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Photo: Courtesy Rhode Island Furniture Archive
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Pembroke table


Object number

RIF6470

Maker

Maker Unknown

Dimensions

27 1/2 × 32 × 18 1/2 in. (69.85 × 81.28 × 46.99 cm)

Date

1790–1810

Current location


Geography

Probably made in Bristol, Rhode Island
(view a map of Rhode Island)

Medium

Mahogany (primary); birch (hinged rails); pine (stationary rails and blocks); yellow poplar (drawer linings)

Marks

None

Inscriptions

"A" and "B," in chalk, on underside of top inside stationary rails

Style

Hepplewhite, Federal

Provenance

Possibly Nelson Miller (1754–1840), Warren and Bristol, Rhode Island; by descent to his son James Miller (1795–1846), Bristol, Rhode Island; by descent to his son Augustus Nelson Miller (1816–1901), Bristol, Rhode Island; by descent to his daughter Mrs. Fielding Lewis Williams (née Abby Louisa Miller, 1842–1927), Bristol, Rhode Island; by descent to her daughter Mrs. William Frederick Williams (née Mildred Lewis Williams, 1867–1928), Bristol, Rhode Island; by descent to her husband Dr. William Frederick Williams (1859–1931), Bristol, Rhode Island; by descent to his son William Frederick Williams, Jr. (1896–1959), Bristol and Providence, Rhode Island; by descent in his family

Associated names

Nelson Miller
James Miller
Augustus Nelson Miller
Abby Louisa Miller Williams
Mildred Lewis Williams Williams
Dr. William Frederick Williams
William Frederick Williams, Jr.

Construction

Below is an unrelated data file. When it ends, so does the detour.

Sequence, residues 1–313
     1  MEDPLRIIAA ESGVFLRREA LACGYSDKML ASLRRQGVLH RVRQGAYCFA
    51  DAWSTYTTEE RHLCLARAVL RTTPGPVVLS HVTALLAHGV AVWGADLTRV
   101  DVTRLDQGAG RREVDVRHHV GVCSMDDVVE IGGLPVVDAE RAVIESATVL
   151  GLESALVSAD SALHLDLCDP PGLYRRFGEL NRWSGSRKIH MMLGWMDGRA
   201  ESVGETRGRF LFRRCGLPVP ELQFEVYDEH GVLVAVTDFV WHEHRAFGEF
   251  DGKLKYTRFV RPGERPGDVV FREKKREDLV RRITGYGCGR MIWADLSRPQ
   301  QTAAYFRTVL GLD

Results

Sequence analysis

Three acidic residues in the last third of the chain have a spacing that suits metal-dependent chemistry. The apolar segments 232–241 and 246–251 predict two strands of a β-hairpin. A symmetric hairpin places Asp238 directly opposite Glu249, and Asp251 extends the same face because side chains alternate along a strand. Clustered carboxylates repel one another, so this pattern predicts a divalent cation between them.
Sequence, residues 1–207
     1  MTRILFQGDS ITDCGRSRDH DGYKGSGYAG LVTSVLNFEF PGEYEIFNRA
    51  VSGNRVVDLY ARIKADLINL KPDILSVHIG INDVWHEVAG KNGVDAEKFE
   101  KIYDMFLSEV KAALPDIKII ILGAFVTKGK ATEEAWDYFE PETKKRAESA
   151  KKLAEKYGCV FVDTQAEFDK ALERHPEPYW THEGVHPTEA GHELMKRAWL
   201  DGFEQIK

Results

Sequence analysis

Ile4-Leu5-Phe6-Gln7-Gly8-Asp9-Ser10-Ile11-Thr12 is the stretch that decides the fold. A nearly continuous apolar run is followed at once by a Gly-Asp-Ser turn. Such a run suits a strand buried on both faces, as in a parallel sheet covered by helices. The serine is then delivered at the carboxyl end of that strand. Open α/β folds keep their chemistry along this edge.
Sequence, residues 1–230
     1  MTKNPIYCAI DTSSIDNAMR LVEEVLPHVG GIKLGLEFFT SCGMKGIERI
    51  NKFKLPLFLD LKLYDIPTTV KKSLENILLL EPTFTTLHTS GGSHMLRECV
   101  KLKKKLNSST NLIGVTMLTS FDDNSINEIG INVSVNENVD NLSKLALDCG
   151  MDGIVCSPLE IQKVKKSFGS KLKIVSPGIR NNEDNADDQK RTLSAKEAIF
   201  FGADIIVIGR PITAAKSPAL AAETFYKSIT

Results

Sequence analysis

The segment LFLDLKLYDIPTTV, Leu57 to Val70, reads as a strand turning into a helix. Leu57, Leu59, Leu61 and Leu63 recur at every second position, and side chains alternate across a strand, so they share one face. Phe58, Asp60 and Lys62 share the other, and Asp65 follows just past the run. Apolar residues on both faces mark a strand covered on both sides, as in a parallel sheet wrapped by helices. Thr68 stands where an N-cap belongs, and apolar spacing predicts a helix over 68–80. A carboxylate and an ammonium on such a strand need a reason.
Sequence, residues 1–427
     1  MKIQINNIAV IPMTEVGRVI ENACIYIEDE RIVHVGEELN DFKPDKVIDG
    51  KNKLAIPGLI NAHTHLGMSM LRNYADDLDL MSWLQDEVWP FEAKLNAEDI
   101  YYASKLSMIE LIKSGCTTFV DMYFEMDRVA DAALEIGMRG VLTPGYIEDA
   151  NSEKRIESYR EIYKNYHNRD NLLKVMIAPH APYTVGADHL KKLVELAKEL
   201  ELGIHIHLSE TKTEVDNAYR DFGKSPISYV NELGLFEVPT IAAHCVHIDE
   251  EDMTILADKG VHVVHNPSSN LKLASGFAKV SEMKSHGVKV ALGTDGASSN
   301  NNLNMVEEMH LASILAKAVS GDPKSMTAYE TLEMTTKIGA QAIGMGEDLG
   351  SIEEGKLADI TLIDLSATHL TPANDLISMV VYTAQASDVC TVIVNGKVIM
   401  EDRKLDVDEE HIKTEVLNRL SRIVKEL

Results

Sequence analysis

The rectangular single-board, square-edged top is joined to its rectangular, square-edged leaves with four pairs of cast iron hinges, each leaf thrice-screwed, and laid out with scribe lines. The joints between top and leaves are quarter round. The top is screwed to its frame ? once in the rail above the single drawer, once inside the opposite rail, and twice in the outside faces of each exterior longitudinal rail. There are rectangular horizontal glue blocks ? one inside the top rail above the drawer, one at the joint between the top and the opposite rail, and one each at the joints between the longitudinal rails and the rail opposite the drawer. The rails are tenoned, without wood pins, to the tops of their respective legs. Additional longer blocks behind the top rail above the drawer also serve as tip bars. The interior and exterior longitudinal rails are joined by rosehead nails. The single drawer-front meets its slightly shorter, scribe-marked, flat-topped, full-depth drawer sides in dovetail joints having finely cut, narrow-necked pins with half-pins above and below. The single-board drawer bottom, parallel to the front, is chamfered at the front and sides, where it fits into grooves, and is accompanied by longitudinal glue blocks; the front block below the drawer front is full-width. The drawer bottom is nailed with brads to its flat-topped drawer back. Drawer supports with chamfered ends are fixed with rosehead nails to the interior rails, and vertical stops, similarly attached, are shaped to align with the supports? ends. Each exterior rail contains a round carved wood, five-knuckled hinge which allows a trapezoidal block, the bottom of which is carved out for a finger hold, to support the leaf. Wedges screwed to the outside of each leaf?s underside serve as stops for the supports. Examined by P.E. Kane and E. Litke, July 20, 2017; notes compiled by T.B. Lloyd.